Dog Training Devices Simple Tools Or Substitutes

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Dog Training Devices Simple Tools Or Substitutes

by Darren Lintern



The inventiveness of trainers and those that provide them with additional tools is never ending. To the casual or novice trainer there seems to be a dizzying assortment of devices. Although, many are highly useful, they should never be viewed as alternatives for basic training experience.

Prior to using any of the devices mentioned below, be certain that your dog is in good health. Even the gentlest of training regimes or collars are capable of doing harm if the dog has a twisted dew claw or a skin sore.

Clickers - Ideal for getting the attention of your pet, the clicker is a plastic and metal hand held unit that emits a noisy click clack effect when squeezed and released. It can save on the trainer needing to shout frequently, and is extremely audible, even against heavy background noises.

Leashes and Collars - These is such as variety of leashes, ranging in scale from a two foot control collar, typically nylon or leather, to the 35 foot retractable nylon cord style.

For close work, such as instructing 'sit' or 'stay' (for example, 'don't chase after the cat') the two to five foot collar is an ideal accessory. The extendable leash is handy for those trainers that want to obey their pet. The human (either male or female) needs to always be the 'alpha male' of the group, and the alpha will always lead.

Leashes are available in several buckle, nylon, snap, leather combination. As long as the nylon and snaps are of sufficient quality they can be entirely suited for even the larger breeds. They need to be carefully adjusted, though, to ensure they don't slide off easily.

The spike collars is generally opposed by many trainers, as they could easily injure a smaller dog, and seem to prompt fear in even the larger ones. In a similar way, choke collars are not encouraged. Although dogs do have powerful neck muscles, a sharp jerk on the front of the throat has the potential to bruise or even collapse a trachea.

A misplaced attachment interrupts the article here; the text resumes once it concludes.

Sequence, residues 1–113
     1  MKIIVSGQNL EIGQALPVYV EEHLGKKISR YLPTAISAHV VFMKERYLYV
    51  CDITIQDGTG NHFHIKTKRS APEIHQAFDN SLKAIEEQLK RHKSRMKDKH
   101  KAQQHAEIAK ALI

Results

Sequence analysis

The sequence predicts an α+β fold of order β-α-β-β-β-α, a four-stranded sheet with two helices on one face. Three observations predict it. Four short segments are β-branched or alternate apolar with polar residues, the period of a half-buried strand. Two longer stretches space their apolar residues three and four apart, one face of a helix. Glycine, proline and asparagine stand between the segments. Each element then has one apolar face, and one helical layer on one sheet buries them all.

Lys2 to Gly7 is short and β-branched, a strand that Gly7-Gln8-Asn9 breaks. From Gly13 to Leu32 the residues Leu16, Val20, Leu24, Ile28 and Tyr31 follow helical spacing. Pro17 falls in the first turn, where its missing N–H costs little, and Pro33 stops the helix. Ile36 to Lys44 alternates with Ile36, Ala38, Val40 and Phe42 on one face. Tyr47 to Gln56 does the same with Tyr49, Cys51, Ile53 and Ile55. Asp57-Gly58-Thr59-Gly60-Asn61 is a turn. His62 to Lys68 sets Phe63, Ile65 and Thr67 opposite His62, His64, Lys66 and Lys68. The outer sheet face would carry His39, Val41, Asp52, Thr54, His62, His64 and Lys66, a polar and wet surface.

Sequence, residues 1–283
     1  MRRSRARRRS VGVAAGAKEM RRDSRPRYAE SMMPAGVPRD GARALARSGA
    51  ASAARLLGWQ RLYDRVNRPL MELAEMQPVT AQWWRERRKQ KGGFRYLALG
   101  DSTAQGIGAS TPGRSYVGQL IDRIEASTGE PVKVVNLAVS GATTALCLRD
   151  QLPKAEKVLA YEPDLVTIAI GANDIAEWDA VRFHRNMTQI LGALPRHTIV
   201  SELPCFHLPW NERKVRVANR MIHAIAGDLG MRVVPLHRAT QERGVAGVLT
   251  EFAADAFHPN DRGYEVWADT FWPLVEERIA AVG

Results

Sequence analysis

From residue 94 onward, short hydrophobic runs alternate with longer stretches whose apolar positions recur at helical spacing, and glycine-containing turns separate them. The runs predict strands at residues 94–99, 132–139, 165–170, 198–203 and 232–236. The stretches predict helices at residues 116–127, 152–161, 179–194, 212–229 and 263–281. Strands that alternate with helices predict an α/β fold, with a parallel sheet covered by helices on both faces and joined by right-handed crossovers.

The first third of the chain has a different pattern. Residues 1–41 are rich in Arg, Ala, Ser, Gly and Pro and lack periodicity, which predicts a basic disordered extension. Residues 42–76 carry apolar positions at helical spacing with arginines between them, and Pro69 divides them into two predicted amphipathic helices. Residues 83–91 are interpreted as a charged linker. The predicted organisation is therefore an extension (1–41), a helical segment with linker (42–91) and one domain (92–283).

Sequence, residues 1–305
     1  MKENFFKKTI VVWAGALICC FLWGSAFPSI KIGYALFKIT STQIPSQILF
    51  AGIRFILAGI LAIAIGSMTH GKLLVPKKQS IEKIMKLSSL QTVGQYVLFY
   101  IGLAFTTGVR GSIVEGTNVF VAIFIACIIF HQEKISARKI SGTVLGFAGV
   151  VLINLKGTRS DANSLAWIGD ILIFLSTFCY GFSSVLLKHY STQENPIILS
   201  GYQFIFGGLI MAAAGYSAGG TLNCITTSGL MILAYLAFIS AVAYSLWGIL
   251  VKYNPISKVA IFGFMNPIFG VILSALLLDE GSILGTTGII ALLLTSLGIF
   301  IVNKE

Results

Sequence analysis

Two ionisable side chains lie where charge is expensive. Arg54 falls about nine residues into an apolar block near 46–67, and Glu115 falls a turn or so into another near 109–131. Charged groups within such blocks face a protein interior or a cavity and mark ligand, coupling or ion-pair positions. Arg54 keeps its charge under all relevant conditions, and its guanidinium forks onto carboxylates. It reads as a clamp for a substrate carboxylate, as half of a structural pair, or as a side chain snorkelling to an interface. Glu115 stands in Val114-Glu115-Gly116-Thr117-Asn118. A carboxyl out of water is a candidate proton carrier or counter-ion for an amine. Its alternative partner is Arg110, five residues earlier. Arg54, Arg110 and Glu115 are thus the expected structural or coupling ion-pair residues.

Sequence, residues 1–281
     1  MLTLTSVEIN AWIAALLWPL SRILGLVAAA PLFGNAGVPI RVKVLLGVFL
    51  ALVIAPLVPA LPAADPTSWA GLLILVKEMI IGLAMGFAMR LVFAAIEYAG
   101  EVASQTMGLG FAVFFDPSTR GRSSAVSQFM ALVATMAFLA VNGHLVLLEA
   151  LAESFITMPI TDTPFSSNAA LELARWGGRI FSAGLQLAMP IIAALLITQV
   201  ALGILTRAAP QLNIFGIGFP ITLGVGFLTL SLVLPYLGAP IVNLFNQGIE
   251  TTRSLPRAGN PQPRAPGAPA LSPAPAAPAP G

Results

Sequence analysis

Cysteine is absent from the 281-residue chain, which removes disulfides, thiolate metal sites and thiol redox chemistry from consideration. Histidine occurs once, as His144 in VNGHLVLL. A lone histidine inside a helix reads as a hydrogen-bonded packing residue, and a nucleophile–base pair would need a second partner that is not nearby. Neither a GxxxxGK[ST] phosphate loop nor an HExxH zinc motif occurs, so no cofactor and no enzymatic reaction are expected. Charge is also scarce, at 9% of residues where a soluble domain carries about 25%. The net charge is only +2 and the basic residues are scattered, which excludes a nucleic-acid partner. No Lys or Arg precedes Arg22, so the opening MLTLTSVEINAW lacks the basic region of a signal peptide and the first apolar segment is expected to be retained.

Vests - In a similar way to the leashes, a full vest or chest halter leash can aid in strengthen the dog handlers advantage while at the same time preventing undue pressure on the pets throat. A possible downside to these leashes is that the dog will not experience any discomfort from being pulled, so this can limit training entirely to positive reinforcement. Intended originally as an aid for seeing-eye and other support dogs, the chest halter can promote tugging - the reverse of the usual objective.

However, for those that require additional control over an unruly dog or when the standard leash and collars won't serve they're priceless.

Muzzles - For interim biting and barking control muzzles can often be useful or even essential. The flipside to using one is that the dog will not learn through other means to curb barking. The muzzle can turn into a replacement for the more complex, long term answer of obeying 'no bark' directions.

There are a variety of other dog-related items: chemical sprays, electric fences, no-bark collars, head collars, etc. But these are essentially control devices as opposed to training tools.

Finally, of course, there are the training devices that continue to be extremely effective and everlasting favourites: love and respect. Treat your dog with great respect and it will certainly be much simpler to achieve the desired behaviour results.

Darren Lintern writes extensively for www.andallabout.com, a popular informational website that provides helpful tips, advice, and resources on many dog training topics including Clicker Dog Training, and Discount Dog Training Supplies



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